Abstract| Volume 40, ISSUE 4, P478-479, April 2011

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Prehospital Rapid Sequence Intubation Improves Functional Outcome for Patients with Severe Traumatic Brain Injury

Bernard S, Nguyen V, Cameron P, et al. Ann Surg 2010;252:959–65.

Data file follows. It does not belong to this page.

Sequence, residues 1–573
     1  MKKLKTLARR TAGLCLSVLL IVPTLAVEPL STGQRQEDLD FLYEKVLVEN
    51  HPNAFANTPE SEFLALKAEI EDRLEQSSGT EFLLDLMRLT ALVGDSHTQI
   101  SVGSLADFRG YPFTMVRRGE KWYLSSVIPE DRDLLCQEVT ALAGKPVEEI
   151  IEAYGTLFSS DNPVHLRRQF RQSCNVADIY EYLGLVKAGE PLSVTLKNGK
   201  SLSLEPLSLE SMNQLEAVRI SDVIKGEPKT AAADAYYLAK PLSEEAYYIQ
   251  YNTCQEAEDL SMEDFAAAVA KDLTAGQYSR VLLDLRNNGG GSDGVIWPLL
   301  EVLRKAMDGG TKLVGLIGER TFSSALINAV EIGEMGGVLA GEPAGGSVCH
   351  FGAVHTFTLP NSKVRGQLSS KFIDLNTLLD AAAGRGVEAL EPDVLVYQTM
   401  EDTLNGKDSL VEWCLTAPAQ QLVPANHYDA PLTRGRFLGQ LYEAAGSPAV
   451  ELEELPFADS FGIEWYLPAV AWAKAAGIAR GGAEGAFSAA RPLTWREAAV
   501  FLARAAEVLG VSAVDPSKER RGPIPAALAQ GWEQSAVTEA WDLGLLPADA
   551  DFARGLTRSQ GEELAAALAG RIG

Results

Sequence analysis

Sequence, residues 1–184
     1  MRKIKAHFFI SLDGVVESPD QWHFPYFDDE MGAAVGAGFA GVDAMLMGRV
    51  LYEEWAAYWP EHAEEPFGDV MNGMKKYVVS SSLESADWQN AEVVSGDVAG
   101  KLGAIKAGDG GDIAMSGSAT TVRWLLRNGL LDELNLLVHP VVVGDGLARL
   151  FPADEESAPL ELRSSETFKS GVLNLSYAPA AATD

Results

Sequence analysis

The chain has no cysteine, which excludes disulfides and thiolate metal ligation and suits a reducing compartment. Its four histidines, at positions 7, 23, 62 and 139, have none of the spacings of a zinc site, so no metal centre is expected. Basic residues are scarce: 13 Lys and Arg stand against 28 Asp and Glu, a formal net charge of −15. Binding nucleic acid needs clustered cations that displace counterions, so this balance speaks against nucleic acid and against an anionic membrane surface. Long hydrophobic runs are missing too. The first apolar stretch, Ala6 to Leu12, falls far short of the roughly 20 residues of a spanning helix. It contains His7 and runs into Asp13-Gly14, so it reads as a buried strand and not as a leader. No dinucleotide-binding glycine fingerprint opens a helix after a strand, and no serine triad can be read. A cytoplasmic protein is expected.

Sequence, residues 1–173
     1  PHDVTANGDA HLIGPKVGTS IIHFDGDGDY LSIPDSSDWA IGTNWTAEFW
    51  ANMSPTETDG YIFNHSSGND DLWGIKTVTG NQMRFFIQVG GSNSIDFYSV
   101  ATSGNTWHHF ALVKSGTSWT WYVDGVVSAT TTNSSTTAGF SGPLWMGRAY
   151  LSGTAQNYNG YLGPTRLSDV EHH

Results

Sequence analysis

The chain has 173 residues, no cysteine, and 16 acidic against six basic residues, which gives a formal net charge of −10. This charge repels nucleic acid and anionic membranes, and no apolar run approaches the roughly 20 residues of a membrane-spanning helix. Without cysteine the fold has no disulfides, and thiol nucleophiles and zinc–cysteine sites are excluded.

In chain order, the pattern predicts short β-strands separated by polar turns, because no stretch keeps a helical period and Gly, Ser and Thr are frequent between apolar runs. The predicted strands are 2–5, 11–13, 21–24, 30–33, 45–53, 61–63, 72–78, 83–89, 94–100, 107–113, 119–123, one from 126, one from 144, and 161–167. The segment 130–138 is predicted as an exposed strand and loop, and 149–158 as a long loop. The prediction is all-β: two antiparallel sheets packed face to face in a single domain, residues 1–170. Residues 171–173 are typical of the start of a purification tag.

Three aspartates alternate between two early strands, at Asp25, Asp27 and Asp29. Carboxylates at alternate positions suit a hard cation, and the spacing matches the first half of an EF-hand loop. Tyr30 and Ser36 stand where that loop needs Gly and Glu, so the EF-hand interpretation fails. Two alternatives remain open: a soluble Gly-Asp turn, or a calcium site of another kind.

This multicenter study from Victoria, Australia was a prospective, randomized, controlled trial comparing long-term neurologic outcomes in patients with severe traumatic brain injury (TBI) who receive paramedic Rapid Sequence Intubation (RSI) vs. hospital intubation. The primary outcome measure was the median extended Glasgow Outcome Scale (GOSe) score at 6 months. Secondary end points were favorable vs. unfavorable outcome at 6 months, length of intensive care and hospital stay, and survival to hospital discharge. Patients were included in the study if there was evidence of head trauma, Glasgow Coma Score<9, age>15 years, and intact airway reflexes. Patients were excluded if they were within 10 min of a designated trauma hospital, had no intravenous access, had an allergy to any of the RSI drugs, or were transported by helicopter. Patients assigned to paramedic intubation received fentanyl (100 μg), midazolam (0.1 mg/kg), and succinylcholine (1.5 mg/kg) administered in rapid succession. An intensive care paramedic who had undergone an additional 16-h training program in the theory and practice of RSI would then intubate the patient. Tracheal intubation was confirmed by capnography. If intubation was not achieved on the first attempt, a second attempt was allowed with the use of a plastic airway bougie. If intubation still could not be achieved, bag/mask ventilation was performed until patient arrival to the hospital. Patients assigned to in-hospital intubation underwent immediate RSI on arrival by a physician. Once patients were admitted, intensive care management was at the discretion of the treating physicians, but generally followed the recommendation of the Brain Trauma Foundation. Six months after the injury, patient or next of kin were interviewed to determine the GOSe. The interviewer was blinded to the treatment allocation. Between April 2004 and January 2008, 1045 patients were evaluated for possible enrollment in the study. Three hundred twenty-eight patients met the enrollment criteria. Of these, 16 patients were not enrolled due to paramedic error. Of the 312 enrolled, 160 patients were randomly assigned to paramedic RSI and 152 were randomly assigned to hospital intubation. A total of 10 patients in both groups were lost to follow-up. At 6 months, the median GOSe was 5 in the paramedic intubation group compared to 3 in the hospital intubation group (p=0.28). The proportion of favorable neurologic outcome (GOSe 5–8) was found in 51% of patients with paramedic intubation vs. 39% in patients intubated in the hospital (risk ratio, 1.28; 95% confidence interval 1.00–1.64; p=0.046). Median Intensive Care Unit stay was 107 h in the paramedic RSI group vs. 103 h in the hospital intubation group (p=0.74). The authors concluded that pre-hospital RSI reduces the adverse neurological outcome in severe TBI patients.
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